I’ve been considering a trip to Quebec City now that the weather is starting to warm up, but I don’t want to visit the usual suspects. I covered those bases on my Grade 8 school trip. Plus, the Old City can get so crowded.
I hear you. Quebec City welcomes 4.5 million tourists each year, many of them disembarking from the cruise ships that sail into port nearly year-round. And sometimes, it feels like every single one of them is wandering the cobblestone streets at the same time. Escape the crowds in Limoilou, just across the Saint-Charles River. There’s history aplenty: Jacques Cartier spent the winter here in 1535, and Jean de Brébeuf set up shop 90 years later to coerce the local Indigenous population to embrace Catholicism (we know how that turned out).
History aplenty? This is still sounding rather educational.
Don’t worry, I wasn’t finished. Near the turn of the 20th century, Limoilou was sold as the Manhattan of Canada (complete with numbered streets and avenues). Today, with its robust start-up community, new indie boutiques and sophisticated food scene, it’s more like Brooklyn.
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Third Avenue is lined with gourmet épiciers, microbreweries and shops. At Trafiquants d’art, you’ll find colourful prints by beloved local pop artist Fred Jourdain, including a giant rendering of Alfred Hitchcock, who shot the 1953 film I Confess in Limoilou. The movie centres on a priest (Montgomery Clift) accused of murder, and the director was drawn to the neighbourhood’s abundant Catholic churches – many of which now stand empty. One of them has been repurposed as École de cirque de Québec, which draws 100,000 performers and spectators each year. Wander in to watch students and pros alike soar through the air on the flying trapeze and perform daring feats of acrobatics. Then recharge with a creamy latte from Nektar Caféologue (you won’t find a Starbucks in Limoilou), a third-wave temple frequented by a mix of families, students and hipsters. Try the signature Le Draveur brew.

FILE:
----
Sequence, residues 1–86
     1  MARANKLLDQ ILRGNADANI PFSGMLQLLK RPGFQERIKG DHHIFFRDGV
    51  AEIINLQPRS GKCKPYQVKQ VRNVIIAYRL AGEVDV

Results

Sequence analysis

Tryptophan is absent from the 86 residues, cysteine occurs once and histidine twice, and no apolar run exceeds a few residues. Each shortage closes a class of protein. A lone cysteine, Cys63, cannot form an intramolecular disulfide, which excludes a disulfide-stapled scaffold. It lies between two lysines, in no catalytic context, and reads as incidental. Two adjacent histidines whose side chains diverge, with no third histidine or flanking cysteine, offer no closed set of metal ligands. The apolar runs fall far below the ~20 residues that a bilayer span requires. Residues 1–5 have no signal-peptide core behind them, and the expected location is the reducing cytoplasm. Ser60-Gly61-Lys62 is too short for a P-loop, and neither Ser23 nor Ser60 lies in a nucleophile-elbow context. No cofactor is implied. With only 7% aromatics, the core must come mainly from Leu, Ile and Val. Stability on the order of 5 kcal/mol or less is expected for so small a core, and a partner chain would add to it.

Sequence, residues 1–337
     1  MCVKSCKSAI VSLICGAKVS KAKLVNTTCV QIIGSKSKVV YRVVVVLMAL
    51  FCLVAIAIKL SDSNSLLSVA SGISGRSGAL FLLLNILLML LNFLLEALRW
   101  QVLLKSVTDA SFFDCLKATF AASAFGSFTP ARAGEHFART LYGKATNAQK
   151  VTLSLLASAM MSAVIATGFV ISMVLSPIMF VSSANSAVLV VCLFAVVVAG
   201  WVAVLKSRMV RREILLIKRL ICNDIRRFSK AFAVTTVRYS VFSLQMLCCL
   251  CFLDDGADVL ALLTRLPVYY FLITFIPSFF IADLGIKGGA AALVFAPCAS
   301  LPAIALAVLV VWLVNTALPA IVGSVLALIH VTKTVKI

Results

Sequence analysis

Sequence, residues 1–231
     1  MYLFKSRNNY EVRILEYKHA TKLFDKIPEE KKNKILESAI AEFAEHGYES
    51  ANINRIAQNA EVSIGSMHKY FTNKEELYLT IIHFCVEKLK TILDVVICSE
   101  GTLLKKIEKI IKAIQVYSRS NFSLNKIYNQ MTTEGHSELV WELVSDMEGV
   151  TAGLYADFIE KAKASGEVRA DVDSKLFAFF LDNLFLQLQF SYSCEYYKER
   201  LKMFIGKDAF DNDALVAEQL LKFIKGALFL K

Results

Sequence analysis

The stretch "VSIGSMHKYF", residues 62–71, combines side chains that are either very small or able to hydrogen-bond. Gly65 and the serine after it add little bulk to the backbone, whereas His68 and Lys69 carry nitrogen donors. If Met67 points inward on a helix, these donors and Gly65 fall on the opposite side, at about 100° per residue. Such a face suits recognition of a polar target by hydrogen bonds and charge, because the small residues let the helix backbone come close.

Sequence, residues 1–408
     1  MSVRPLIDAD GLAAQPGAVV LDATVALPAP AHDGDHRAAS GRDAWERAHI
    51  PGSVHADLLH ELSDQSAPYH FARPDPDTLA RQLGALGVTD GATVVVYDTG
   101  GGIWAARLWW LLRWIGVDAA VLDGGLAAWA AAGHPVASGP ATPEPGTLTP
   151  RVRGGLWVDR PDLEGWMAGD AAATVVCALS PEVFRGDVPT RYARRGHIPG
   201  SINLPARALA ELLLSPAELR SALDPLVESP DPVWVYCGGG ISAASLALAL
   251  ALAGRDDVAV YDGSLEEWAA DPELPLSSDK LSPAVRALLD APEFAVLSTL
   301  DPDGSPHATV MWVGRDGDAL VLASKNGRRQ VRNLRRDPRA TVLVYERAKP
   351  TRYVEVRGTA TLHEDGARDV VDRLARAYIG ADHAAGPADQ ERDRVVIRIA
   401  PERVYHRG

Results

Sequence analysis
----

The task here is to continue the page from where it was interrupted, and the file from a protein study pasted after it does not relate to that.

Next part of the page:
That all sounds pretty cool. But tell me more about that food scene you mentioned.
For lunch, pick up a selection of local cheeses at Yannick Fromagerie – try Laiterie Charlevoix’s creamy Le 1608, made with milk from Canadienne cows, an heirloom breed originally imported to Quebec in the 17th century. (The place also does a healthy trade in fromage fondue, which never went out of style in la belle province.) Then pop over to Borderon et fils, which sells slices of artisanal breads by the pound. While you’re there, grab a cruffin for dessert – part croissant, part crunchy muffin, filled with gooey chocolate custard.
What about dinner? I’m a bit of a gourmand.
Since spring nights are still chilly, warm up at Le Cendrillon, a neighbourhood hangout with a menu of hearty Québecois favourites. (True to its fairy-tale name, the place shuts down at midnight.) Start with a dozen Îles de la Madeleine oysters, followed by foie gras stuffed with duck confit terrine and served with thick slices of brown-butter-slathered brioche, crunchily seared local scallops accompanied by house-made boudin (blood pudding), and crusted sweetbreads with roasted cauliflower. Save room for a decadent dessert: a slice of buttery cake topped by a maple syrup-braised apple filled with melted sharp cheddar and served with a dollop of foie gras ice cream.